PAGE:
Tutor: Emilie Murphy
Module type: MA Option
Module Code: HIS00080M
The early modern period is widely regarded as an era of intensified persecution, and yet simultaneously as the crucible in which a tolerant society was born. The period witnessed concerted drives to eliminate religious dissent, catalysed violence and wars of religion, and left a legacy of hatred and prejudice that led many to conceal their religious beliefs, go into exile or face execution. At the same time, this was a period where old assumptions about the evils of toleration were debated, where religious minorities were permitted and sanctioned, and an era which saw ordinary people of differing confessions find creative ways to coexist.
This course will focus on England, but it is set firmly within the context of wider contemporary British and European developments, and studies the relationship between these competing impulses from c.1500-1700. The course emphasises the value of forging links between the political and ecclesiastical, intellectual, social and cultural histories of the period and of combining a variety of approaches to the study of tolerance and intolerance in past societies. Beginning with religious dissenters in the late Middle Ages and (officially) ending with the Toleration Act of 1689, we will investigate evolving attitudes toward religious minorities, alongside the differing ways they responded to the intolerance they were subjected to, and how this in turn shaped their mentality and outlook. Students will explore these developments by engaging with a range of primary sources including music, material objects, literature, and polemic.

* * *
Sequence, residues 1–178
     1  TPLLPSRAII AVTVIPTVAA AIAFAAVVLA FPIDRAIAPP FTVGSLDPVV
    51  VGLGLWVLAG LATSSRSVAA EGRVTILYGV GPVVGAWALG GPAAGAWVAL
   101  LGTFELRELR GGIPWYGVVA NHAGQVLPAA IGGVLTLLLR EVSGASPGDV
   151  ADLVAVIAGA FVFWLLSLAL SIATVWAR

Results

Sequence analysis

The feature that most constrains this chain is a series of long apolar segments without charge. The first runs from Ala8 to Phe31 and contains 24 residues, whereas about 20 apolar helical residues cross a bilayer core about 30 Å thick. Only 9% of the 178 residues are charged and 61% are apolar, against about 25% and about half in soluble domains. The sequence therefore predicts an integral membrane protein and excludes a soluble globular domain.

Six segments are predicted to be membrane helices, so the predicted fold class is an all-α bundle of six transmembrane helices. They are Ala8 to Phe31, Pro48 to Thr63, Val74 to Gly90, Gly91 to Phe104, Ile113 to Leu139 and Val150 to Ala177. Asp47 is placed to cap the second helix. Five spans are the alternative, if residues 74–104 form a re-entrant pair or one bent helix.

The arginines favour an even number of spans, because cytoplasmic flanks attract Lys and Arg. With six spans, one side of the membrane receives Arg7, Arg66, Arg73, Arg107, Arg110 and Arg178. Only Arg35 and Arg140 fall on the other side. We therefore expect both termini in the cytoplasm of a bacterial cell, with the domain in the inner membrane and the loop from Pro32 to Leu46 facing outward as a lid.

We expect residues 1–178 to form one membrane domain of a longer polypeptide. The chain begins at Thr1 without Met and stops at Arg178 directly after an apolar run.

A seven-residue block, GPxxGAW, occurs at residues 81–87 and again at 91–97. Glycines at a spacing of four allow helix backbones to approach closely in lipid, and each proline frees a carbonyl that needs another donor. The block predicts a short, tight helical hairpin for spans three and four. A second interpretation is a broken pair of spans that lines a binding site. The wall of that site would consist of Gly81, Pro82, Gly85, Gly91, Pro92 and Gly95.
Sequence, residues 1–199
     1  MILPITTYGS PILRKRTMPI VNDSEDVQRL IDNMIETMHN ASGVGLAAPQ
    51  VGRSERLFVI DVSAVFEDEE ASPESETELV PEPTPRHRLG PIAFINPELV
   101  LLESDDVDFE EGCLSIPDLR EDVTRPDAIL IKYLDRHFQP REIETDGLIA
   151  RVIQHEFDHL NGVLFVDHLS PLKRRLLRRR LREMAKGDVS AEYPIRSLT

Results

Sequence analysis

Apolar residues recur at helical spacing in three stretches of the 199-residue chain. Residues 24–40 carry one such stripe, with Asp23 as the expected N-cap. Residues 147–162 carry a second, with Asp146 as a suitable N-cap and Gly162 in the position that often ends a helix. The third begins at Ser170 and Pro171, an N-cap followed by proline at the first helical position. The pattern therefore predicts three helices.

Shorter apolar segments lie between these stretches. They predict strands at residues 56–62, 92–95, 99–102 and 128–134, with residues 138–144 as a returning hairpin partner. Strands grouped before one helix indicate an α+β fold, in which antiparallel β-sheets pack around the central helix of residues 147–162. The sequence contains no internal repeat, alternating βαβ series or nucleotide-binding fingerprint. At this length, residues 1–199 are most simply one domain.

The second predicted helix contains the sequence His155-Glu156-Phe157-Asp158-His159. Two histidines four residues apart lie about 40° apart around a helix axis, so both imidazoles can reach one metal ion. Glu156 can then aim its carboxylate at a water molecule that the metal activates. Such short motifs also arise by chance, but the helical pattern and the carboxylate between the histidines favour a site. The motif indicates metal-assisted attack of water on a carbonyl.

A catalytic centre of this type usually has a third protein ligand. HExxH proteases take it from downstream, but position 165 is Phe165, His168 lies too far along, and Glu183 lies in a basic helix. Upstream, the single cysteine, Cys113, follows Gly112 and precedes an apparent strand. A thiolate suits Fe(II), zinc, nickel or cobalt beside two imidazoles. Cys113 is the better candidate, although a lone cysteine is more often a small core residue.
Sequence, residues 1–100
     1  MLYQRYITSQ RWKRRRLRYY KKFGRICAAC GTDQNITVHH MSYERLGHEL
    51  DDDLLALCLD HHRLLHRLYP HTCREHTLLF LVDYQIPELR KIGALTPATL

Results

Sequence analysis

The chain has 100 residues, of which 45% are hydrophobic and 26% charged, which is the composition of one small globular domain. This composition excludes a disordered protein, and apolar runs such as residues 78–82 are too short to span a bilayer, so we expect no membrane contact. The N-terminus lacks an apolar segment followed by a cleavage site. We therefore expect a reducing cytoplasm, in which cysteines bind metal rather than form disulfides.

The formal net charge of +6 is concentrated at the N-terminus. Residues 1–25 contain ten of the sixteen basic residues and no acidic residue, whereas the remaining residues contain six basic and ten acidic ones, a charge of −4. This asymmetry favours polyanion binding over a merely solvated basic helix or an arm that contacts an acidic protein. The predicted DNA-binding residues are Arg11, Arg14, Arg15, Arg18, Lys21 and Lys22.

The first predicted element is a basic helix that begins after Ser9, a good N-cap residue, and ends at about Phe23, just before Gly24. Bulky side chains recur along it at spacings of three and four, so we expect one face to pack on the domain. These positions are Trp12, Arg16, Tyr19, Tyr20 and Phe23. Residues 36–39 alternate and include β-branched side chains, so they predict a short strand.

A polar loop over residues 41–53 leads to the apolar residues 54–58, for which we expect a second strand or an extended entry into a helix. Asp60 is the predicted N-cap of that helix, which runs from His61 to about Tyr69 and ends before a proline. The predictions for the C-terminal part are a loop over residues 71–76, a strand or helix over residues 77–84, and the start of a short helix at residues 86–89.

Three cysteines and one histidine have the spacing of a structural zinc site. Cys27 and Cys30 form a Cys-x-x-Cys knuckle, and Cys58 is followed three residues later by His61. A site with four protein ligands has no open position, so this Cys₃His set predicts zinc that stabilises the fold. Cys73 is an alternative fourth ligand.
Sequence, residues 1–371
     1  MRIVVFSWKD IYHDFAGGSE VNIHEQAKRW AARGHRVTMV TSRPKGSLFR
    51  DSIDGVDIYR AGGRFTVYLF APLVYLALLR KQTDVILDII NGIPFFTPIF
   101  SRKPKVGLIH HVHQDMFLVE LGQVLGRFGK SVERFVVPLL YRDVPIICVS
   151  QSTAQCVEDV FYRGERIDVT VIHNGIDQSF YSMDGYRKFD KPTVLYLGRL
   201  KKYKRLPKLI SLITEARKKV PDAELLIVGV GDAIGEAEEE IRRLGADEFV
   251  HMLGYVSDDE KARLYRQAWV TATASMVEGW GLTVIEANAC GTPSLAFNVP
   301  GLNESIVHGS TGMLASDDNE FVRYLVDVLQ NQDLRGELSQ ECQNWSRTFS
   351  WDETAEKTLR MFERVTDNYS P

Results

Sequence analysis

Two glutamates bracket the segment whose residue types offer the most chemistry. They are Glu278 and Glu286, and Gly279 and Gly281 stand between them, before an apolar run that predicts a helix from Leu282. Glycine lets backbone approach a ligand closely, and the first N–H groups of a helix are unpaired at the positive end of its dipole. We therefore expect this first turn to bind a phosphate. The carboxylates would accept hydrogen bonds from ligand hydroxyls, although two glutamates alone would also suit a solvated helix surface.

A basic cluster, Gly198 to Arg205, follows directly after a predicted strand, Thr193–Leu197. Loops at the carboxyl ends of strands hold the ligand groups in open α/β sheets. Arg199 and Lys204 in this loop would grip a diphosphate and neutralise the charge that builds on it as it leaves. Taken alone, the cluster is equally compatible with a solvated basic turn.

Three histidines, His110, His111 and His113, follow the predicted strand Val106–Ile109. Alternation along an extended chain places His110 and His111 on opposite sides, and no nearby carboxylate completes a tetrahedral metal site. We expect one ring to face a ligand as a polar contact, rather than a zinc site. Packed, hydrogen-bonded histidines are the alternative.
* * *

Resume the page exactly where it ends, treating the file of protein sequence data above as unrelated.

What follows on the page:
Students will also examine secondary sources, and the scholarly controversies that have crystallised around the themes of persecution and toleration by interrogating the models of progress that underpinned much earlier historical discussion of these topics, and consider the strengths and weaknesses of newly emerging perspectives.
Seminar topics may include:
For more detailed information, please visit the module catalogue.